Why isn't green construction required by law?

By: Brian Boone

What counts as green construction?

According to the Environmental Protection Agency (EPA), green construction is the process of making a building that uses sustainable materials, and that building should protect and/or restore the environment, generate limited waste and emissions (both during construction and in day-to-day operation), and use reduced amounts of water and energy [source: EPA]. It should also be cost-efficient, functional, and durable -- because building another structure after you've already built one isn't the best use of resources.

Generally, green buildings incorporate recycled or reused materials (such as salvaged steel beams), use renewable energy (solar power via solar panels, for example), emit less greenhouse gases than a comparable standard building, and use less fresh water. In short, sustainable materials and energy-efficient operation leaves little to no environmental impact.


Builders and building owners can experience lots of financial advantages from going green. There are tax cuts and rebates for many greening measures, but you can't just say you're green and ask for a check. "Official" green buildings are deemed LEED-certified (on a 100-point scale) by an independent organization established in 1998 called the U.S. Green Building Council (USGBC). It determines what makes a building green, and it continually revises its standards, based on input from 20,000 member organizations. With different standards for many different kinds of buildings (including homes, schools, stores, hospitals and commercial spaces), the USGBC hands out LEED certifications, which stands for "Leadership in Energy and Environmental Design."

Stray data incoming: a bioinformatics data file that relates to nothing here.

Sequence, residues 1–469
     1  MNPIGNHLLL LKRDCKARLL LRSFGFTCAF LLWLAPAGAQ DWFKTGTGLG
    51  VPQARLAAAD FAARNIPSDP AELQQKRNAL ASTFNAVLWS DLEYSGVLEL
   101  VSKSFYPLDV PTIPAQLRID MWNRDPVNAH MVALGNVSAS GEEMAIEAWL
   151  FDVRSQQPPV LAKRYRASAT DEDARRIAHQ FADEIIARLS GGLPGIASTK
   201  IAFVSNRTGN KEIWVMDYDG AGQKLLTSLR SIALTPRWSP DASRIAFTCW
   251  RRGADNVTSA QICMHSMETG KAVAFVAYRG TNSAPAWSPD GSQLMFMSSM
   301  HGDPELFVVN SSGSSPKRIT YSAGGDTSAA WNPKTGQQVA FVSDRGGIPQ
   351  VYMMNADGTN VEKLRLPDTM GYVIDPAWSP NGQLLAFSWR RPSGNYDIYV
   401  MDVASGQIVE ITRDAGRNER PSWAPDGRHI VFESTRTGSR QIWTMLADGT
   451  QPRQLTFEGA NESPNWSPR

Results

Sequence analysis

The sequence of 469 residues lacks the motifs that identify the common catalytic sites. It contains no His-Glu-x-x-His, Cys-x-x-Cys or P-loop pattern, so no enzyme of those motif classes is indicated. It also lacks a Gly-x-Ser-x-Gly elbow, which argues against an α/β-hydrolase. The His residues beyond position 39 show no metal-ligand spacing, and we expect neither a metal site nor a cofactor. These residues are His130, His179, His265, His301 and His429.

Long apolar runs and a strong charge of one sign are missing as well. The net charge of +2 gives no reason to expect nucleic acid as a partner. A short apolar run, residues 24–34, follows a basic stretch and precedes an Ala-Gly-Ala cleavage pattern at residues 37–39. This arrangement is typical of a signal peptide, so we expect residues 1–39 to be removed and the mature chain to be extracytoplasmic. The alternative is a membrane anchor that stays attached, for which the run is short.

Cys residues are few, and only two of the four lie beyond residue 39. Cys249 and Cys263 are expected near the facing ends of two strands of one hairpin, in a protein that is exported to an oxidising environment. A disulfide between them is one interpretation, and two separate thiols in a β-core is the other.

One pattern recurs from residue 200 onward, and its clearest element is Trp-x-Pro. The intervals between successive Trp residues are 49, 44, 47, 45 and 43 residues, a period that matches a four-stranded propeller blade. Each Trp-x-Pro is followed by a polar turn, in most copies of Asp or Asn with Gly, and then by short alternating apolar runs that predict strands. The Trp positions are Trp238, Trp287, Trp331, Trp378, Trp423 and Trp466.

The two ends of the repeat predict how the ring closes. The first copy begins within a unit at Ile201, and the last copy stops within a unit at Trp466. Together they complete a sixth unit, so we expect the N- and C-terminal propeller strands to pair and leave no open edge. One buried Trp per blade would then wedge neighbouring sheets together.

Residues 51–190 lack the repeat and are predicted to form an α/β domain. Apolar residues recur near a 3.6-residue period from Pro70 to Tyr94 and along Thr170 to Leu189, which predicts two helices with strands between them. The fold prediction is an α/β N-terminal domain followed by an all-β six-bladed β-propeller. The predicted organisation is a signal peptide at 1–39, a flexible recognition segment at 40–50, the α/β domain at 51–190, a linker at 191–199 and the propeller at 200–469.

Read on to see how the government is encouraging green construction.